United and Continental airlines stockholders voted to approve carriers’ merger on Friday. American and European regulators have already signaled their approval of the $3.2 billion stock swap.
Associate Press reports that the companies expect it will be at least a year before federal authorities approve their request to fly as one airline, which will be called United but painted in Continental’s colors. Continental CEO Jeff Smisek will take up the merged company’s reins.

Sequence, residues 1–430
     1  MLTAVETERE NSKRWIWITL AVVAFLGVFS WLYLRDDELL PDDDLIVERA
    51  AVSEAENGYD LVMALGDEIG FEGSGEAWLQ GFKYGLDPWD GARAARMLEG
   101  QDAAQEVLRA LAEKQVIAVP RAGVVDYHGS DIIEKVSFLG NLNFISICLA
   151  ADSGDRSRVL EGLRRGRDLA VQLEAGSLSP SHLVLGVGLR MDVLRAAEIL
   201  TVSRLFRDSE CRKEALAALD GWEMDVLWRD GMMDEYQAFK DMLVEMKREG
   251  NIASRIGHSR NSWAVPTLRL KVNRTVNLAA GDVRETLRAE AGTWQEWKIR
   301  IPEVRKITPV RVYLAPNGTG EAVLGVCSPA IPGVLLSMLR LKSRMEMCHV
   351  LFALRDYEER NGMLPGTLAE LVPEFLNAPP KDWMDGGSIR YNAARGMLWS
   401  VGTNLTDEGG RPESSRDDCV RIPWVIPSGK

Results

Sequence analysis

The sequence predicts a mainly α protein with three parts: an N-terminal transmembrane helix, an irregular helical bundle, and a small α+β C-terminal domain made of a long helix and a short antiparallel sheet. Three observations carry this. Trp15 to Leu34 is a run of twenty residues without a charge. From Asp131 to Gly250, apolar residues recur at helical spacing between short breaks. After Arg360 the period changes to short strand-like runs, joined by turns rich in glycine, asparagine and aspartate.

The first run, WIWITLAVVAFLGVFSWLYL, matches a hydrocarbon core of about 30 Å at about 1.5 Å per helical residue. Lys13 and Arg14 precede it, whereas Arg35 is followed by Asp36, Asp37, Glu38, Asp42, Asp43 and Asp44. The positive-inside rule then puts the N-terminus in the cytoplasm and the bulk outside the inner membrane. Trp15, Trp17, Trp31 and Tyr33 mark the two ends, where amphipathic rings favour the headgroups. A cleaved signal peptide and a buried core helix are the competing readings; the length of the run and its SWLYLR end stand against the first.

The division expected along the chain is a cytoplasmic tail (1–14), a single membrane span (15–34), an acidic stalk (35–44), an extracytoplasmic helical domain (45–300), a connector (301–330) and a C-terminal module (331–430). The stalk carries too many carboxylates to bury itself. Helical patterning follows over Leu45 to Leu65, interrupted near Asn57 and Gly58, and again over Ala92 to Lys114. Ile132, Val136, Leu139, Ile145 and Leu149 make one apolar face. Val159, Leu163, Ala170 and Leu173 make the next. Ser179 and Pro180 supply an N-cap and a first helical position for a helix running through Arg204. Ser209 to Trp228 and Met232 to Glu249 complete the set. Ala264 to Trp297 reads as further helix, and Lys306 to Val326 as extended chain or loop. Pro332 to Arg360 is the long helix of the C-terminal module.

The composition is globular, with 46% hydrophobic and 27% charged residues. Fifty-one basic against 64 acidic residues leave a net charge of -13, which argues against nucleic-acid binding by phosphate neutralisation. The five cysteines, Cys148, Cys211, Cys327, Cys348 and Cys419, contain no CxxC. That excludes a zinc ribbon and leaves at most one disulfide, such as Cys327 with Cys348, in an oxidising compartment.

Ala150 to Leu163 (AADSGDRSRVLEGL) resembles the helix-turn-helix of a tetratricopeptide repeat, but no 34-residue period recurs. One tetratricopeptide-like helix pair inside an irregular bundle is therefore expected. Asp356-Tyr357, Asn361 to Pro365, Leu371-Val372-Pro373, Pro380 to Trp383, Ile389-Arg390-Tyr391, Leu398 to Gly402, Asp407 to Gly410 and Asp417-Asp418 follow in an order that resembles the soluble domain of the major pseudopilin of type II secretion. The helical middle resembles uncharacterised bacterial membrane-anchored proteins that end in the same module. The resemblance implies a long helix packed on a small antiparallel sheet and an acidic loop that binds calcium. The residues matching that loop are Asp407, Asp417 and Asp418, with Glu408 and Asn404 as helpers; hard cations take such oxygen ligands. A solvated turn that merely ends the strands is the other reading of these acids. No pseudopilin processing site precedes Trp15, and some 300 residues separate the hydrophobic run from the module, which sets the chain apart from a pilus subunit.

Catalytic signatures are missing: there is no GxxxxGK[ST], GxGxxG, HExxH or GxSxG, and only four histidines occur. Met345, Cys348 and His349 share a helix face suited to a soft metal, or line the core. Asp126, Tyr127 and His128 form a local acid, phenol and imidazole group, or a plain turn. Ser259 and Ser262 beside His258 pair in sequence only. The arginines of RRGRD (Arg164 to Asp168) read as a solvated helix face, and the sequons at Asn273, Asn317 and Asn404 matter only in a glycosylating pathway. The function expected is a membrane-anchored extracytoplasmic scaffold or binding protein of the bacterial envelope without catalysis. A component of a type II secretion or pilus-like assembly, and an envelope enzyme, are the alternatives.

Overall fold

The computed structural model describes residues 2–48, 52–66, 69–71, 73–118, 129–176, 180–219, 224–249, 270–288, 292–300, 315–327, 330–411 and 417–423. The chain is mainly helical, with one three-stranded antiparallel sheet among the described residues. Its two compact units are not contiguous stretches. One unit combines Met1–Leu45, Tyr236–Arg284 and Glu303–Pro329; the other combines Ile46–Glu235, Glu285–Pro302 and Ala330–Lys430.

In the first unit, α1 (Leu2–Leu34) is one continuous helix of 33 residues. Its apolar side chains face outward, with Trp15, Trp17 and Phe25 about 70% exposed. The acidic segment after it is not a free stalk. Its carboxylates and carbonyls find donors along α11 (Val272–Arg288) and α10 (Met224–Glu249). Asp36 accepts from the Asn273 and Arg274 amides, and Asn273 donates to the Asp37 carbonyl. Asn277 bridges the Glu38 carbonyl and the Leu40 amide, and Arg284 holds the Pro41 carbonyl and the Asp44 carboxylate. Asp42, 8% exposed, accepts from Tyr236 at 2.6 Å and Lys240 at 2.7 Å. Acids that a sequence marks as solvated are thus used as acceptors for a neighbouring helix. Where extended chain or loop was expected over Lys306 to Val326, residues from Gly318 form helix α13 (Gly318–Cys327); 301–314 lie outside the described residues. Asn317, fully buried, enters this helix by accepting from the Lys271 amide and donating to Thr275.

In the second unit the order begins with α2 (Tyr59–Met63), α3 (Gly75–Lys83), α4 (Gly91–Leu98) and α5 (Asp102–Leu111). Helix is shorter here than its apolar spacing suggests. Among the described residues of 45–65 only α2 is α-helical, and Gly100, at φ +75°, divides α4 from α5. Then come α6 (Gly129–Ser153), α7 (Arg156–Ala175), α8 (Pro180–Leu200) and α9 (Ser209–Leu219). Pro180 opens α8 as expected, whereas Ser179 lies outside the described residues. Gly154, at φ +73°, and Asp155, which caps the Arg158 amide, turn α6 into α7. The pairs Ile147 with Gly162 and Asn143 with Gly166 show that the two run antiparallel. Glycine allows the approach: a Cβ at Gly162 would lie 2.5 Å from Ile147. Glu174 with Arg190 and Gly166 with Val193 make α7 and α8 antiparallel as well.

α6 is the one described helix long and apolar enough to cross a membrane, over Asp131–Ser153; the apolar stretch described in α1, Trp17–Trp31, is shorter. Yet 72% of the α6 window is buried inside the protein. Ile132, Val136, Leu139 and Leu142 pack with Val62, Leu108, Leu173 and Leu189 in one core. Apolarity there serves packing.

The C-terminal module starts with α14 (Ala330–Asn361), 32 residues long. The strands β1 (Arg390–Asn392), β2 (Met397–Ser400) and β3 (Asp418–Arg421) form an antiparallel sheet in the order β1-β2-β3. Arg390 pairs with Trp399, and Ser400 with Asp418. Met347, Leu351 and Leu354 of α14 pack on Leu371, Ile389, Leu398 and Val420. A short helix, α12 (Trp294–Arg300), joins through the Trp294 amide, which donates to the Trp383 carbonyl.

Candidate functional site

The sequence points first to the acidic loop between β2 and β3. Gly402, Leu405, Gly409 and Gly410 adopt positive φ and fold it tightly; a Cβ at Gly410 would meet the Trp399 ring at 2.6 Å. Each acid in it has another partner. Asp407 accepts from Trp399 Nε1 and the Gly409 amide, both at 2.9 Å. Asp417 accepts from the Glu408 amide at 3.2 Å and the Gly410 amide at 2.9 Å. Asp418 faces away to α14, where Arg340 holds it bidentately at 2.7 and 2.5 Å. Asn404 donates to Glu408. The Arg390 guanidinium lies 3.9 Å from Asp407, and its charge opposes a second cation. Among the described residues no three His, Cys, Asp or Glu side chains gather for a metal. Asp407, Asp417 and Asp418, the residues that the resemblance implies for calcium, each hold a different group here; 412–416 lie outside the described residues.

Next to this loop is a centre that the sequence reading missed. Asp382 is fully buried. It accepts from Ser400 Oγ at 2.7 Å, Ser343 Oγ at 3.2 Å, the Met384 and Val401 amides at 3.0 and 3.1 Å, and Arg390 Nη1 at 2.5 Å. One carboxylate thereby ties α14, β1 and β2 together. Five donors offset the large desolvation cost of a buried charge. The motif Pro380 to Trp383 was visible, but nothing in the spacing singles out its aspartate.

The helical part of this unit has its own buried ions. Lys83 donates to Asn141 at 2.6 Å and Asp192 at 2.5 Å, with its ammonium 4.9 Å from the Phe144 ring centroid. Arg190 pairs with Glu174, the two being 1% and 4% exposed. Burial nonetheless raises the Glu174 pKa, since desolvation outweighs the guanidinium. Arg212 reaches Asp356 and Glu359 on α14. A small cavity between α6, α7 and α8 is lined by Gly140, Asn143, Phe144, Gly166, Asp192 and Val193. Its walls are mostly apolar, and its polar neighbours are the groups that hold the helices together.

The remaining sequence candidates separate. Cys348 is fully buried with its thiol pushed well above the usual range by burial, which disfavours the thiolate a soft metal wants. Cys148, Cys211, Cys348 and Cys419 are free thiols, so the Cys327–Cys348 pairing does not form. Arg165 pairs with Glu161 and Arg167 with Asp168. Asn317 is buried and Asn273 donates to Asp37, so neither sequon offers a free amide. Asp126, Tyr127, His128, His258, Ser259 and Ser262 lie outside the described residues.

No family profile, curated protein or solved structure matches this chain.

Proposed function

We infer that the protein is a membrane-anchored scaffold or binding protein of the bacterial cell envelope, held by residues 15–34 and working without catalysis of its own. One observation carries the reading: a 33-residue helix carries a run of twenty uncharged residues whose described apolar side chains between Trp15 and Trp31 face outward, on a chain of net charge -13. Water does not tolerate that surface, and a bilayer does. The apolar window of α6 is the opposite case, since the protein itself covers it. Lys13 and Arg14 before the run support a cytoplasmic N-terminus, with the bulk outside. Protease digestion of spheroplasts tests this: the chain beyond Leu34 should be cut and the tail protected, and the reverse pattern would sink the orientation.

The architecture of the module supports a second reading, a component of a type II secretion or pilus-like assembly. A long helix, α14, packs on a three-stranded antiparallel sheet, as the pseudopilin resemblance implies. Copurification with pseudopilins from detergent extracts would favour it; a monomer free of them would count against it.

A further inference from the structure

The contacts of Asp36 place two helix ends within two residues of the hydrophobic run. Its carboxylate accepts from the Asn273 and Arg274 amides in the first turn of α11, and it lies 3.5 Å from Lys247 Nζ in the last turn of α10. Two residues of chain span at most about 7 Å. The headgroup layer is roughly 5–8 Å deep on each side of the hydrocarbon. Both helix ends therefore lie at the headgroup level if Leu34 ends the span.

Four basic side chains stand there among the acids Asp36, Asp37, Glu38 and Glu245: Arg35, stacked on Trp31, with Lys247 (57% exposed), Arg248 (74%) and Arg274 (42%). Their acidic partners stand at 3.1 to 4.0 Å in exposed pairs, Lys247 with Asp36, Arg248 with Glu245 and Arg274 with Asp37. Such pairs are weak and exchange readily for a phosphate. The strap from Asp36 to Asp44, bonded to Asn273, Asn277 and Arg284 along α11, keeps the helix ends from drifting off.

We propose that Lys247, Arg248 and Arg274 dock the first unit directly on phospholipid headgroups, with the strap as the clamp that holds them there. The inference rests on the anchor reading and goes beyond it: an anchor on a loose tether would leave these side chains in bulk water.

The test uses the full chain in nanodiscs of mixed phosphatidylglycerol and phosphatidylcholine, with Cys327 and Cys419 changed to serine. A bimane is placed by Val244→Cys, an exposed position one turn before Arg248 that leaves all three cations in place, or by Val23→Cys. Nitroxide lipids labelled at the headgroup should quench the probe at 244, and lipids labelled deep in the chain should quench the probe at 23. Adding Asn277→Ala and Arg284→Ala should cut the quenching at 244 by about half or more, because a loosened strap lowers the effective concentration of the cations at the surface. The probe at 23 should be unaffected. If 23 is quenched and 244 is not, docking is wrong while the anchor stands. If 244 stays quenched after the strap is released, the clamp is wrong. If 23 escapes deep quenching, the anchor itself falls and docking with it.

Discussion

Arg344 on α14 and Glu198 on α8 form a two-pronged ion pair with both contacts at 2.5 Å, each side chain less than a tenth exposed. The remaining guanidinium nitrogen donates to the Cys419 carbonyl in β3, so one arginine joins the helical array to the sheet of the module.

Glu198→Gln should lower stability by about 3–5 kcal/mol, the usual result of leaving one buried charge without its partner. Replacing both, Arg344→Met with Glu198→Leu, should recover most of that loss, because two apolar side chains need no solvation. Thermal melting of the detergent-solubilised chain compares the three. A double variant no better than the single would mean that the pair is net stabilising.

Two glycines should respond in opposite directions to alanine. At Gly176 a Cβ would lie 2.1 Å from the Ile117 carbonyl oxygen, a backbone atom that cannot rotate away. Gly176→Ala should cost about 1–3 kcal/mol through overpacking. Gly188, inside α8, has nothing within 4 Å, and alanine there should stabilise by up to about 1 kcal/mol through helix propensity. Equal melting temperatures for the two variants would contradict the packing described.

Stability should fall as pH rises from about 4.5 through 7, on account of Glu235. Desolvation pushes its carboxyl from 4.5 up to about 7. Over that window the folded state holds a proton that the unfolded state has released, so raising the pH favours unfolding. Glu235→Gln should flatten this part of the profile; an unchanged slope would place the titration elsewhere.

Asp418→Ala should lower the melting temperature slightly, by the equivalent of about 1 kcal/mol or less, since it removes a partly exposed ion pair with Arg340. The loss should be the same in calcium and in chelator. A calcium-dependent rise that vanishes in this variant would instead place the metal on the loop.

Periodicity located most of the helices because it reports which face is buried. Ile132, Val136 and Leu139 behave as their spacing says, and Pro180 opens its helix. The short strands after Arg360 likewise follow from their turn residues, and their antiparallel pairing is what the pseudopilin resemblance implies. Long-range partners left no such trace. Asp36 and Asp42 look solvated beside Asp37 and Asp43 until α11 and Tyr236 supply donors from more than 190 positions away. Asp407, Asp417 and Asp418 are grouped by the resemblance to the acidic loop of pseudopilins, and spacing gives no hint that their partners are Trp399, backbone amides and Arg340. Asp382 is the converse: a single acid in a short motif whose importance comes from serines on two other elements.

Smisek hinted at layoffs Friday, saying there will be overlapping jobs, though he didn’t give any numbers.
Even though United and Continental overlap on few routes, “losing a major competitor is likely to make prices rise,” said Rick Seaney of FareCompare.com.
The companies say they compete with low-cost carriers on about three-fourths of their U.S. routes, which will help keep fares down.